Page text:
He shook his head. “So, how am I supposed to get a kip?”

“Moron. You got up the stairs, so just lie down and concentrate on being there. Barcaloungers don’t go anywhere.“

“Okay. Gonna put me up for a bit, Harris?”

“I have a choice?”

Spike grinned that evil grin Xander remembered all too well. “Nope.”

Part Three

Spike continued up the stairs. The old lady downstairs would be re-visited soon, with chocolates. After the initial surprise, she hadn’t raised so much as an eyebrow while a peroxide-blond ghost sprawled on the arm of her chair, and she continued to chat away happily to Tabitha and the Phantom Fred perched at her shoulder during commercial breaks.

He walked through the door - hey, no need for a key when walking through the door was an option - and looked around, deciding where to kip. Should ghosts get sleepy? He was, so, yeah. That stripey chair looked good. From experience, the barcalounger, less good. He toed off his boots and socks, then shucked off the duster and slung it over the back of the chair. Ah, comfort.

Xander trudged up after him, no idea what was going on. “I have no idea what’s going on.”

"It’s not too tricky – I’m a ghost and I’m squatting here. If that’s a problem, get over it. Ask Angel for the rent. This is all his fault. Not sure how, but it definitely is.”

Xander shook his head. “You’re squatting? Can’t you go find Angel and give him a hard time?”

Spike snickered. “He’s already had a hard time with me.”

“Oh, fine. Make me blush, why don’t you?”

“You’re so easy…”

“Easy? I'll have you know that I'm as un-easy as they come, Fangless. And not so great as an insult, now that I think about it.”

“Try harder. I’ll be here tomorrow, and you can take that as a threat and an opportunity to think up a better insult.”

“Can’t wait. I need a beer.”

Part Four

Xander grabbed the phone before it could ring again and wake up the sleeping corpse in the barcalounger.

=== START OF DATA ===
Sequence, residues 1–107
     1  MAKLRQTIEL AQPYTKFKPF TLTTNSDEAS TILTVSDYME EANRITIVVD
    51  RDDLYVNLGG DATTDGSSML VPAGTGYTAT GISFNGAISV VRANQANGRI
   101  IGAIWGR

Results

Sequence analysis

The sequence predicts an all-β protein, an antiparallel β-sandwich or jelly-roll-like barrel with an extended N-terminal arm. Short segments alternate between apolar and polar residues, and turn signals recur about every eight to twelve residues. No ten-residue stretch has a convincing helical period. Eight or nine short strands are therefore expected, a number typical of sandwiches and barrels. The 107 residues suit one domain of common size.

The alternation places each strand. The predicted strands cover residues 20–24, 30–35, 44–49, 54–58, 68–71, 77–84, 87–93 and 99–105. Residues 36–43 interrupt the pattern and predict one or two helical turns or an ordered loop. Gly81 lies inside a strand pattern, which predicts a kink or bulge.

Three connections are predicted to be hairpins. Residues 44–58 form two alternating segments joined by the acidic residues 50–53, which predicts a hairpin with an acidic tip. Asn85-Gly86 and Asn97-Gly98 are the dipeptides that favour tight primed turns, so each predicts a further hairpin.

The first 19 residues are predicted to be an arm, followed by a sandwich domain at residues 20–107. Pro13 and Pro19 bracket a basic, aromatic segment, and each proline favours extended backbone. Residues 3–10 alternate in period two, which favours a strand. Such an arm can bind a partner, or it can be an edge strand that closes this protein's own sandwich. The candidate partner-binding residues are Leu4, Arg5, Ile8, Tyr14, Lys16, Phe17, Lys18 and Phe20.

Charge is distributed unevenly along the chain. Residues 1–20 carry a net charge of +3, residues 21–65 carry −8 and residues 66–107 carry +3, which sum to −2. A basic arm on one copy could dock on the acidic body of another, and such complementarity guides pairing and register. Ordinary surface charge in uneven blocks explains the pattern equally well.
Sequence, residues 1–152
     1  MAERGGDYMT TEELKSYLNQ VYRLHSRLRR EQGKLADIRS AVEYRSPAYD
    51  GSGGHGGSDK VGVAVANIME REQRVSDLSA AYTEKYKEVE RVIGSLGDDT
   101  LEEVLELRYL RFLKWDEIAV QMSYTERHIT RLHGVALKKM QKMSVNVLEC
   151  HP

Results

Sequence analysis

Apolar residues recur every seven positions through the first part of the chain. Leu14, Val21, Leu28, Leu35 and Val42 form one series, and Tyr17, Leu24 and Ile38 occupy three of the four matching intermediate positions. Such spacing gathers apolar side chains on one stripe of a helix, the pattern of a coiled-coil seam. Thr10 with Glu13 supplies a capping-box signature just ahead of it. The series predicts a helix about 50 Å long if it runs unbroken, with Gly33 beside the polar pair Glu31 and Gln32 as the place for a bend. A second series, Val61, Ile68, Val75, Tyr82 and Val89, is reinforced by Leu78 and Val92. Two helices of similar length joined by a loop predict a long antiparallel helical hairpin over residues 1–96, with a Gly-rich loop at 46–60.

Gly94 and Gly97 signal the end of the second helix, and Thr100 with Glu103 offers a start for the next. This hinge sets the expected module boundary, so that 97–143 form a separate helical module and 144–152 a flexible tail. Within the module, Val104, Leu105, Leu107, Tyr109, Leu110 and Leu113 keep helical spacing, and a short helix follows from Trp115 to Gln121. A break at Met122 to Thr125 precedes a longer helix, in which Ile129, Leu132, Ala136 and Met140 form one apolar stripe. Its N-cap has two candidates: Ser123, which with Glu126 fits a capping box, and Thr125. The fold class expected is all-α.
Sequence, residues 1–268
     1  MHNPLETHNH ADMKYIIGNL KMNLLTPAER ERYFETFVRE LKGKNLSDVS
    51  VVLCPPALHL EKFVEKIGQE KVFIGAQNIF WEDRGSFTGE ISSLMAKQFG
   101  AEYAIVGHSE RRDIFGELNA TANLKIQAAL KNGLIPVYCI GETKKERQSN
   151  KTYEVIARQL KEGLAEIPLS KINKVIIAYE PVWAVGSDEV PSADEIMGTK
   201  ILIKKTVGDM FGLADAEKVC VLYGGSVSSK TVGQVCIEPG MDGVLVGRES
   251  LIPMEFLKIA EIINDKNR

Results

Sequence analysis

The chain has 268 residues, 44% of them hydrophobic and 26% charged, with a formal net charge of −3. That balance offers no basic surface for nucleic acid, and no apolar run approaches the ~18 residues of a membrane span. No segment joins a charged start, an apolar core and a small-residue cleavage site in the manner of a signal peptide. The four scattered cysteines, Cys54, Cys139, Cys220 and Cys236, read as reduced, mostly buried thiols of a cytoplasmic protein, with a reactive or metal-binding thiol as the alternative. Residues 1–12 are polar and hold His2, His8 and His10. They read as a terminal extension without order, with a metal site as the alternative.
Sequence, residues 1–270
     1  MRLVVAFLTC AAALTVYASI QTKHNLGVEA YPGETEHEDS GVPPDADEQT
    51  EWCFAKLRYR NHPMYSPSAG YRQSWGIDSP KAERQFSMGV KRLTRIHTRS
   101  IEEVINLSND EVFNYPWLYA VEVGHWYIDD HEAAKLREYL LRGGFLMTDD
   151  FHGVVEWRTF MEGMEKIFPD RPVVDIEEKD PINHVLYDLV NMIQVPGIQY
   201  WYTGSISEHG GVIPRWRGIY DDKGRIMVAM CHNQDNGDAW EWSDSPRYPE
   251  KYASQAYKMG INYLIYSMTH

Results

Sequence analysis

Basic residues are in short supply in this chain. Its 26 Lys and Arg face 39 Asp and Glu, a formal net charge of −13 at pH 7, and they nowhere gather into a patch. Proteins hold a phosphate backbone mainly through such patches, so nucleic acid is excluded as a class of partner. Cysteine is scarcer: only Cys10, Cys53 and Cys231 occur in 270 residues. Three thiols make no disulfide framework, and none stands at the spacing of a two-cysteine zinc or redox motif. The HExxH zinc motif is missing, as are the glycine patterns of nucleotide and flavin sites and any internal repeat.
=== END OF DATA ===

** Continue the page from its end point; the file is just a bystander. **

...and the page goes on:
He blearily checked his watch and sighed. His boss was probably wondering why he was an hour late for work. He was indispensible: those planks of wood wouldn’t sand themselves. It’d probably been a bad idea to watch his phantom-y roommate until 5am. An even worse idea to do it while tossing down too many beers. But, hey, he had a right to be nervous.

The stripey chair hadn't worked out; apparently, Spike's attachment to hideous orange furniture was deep-seated. No pun intended. Spike had sunk in once or twice but always popped up again, the platinum blond head and bare feet the only things showing for several terrifying minutes at a time. His ass had scraped the floor but didn’t disappear through, at least. Old Lady might be okay with a ghost dropping through her ceiling once, but making a habit of it seemed like a really crap idea. Some things weren't easy to explain. Speaking of which...

Fumbling the phone to his ear, he coughed into the mouthpiece pathetically.


Putting on his very best croak, Xander replied, “Hi, Ernie. Sorry. I’ve been meaning to call. ‘Fraid I won’t be coming in today.” He coughed again.

His acting must’ve been Oscar-worthy because Ernie swallowed every gravelly word and told him to keep warm and come back when he was over the strep throat. He knew all that practice at bunking off school would come in handy one day.

“Not bad, boy. You have a future in lying through your teeth. And a past.”

Xander jumped and yelped. “Don’t sneak up like that! Clear your throat or something.”

“Ain’t got a throat to clear. Ghost, remember?”

“It’s not easy to forget. You want coffee? I’m a bit short of O-neg.”

At Spike’s nod, Xander made a pot, swigged down a couple of Advil with his first cup, then handed Spike a mugful. He watched in horror as the liquid sloshed straight through Spike and formed a brown puddle on the kitchen linoleum.

“Oh, fuck,” they sighed in unison.